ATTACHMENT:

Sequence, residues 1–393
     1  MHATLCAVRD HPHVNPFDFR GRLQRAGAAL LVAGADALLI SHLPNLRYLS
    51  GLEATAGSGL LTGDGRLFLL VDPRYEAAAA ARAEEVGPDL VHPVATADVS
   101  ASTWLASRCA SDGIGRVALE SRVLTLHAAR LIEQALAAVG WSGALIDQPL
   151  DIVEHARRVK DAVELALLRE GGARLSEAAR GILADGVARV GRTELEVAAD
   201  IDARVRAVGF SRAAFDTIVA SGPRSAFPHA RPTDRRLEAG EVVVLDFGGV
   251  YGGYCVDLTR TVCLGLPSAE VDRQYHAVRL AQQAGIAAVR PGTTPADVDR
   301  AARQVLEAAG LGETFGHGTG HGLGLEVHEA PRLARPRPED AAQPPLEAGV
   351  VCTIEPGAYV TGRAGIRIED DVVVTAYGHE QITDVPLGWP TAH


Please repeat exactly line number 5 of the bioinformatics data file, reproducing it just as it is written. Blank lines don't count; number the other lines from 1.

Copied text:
   151  DIVEHARRVK DAVELALLRE GGARLSEAAR GILADGVARV GRTELEVAAD